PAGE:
In reference toyour article on surveyors and GIS, you ask for success stories. I have none-only what you've written.
do agree that surveyors should start working toward a better GIS system. [In
New York’s GIS department], there was no surveying involvement, which led to a
positional problem of correct line work jammed together to make a pretty
picture. Some of the data were digitized or scanned from other towns and just
applied like an appliqué over stretched boundary lines.
product is being passed off as accurate. But it’s not all accurate, although
some parts are. Positionally, the lots on their map were not GPS'd and are not
surveyed, so I don't see the surveyor ever going by the wayside. It is one of
our jobs to maintain measuring accuracy, and by law we are licensed to certify
accuracy. The last time I checked, a GIS technician IS NOT A SURVEYOR!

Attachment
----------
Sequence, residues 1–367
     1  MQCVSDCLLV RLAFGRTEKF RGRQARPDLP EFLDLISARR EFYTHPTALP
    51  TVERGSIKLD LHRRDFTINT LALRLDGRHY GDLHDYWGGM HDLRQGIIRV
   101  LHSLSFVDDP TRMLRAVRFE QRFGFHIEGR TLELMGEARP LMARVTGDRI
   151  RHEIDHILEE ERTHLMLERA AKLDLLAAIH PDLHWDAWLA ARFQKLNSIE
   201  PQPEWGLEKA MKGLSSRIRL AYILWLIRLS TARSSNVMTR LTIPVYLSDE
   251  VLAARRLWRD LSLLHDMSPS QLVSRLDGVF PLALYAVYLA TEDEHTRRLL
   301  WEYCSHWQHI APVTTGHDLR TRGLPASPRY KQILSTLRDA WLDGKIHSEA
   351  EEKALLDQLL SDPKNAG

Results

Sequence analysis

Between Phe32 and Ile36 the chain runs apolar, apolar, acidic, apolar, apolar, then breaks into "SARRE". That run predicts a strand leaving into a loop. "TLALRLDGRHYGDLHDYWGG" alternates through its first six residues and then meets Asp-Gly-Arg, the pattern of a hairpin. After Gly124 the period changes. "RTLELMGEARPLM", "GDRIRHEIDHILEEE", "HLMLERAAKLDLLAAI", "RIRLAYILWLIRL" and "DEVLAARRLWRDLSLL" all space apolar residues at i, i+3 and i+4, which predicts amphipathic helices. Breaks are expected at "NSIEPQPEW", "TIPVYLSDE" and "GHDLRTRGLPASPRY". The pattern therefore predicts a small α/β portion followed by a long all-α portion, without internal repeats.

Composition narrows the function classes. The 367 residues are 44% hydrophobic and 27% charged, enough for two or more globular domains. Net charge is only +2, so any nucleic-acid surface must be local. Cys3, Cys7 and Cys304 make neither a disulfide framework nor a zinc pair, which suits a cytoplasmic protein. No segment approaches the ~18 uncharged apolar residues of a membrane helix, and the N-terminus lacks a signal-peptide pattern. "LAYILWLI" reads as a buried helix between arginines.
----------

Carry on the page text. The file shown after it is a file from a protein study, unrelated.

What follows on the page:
GIS department that I deal with never sets foot out in the field, so how do
they know what they are even looking at? Have they ever set up a transit and
shot building corners, property corners, curbs or ditches? Do they even know
what a tape is or how to use it? Are they licensed?
deed says a lot is one acre, it should be one acre-not some trumped-up
shapefile made to represent two acres.
believe that surveyors should understand the complete picture of GIS-know how
it works or how it’s built, know what's good and what's bad. It might [be a
good idea] to get law passed stating that only a LICENSED SURVEYOR should run
any GIS department so that all control is not lost and the public does not get
The surveyor of today must try to make advancements in
their industry. There is plenty of room for such advancements and many avenues
for them to follow.
--Steven J Green, PLS, New
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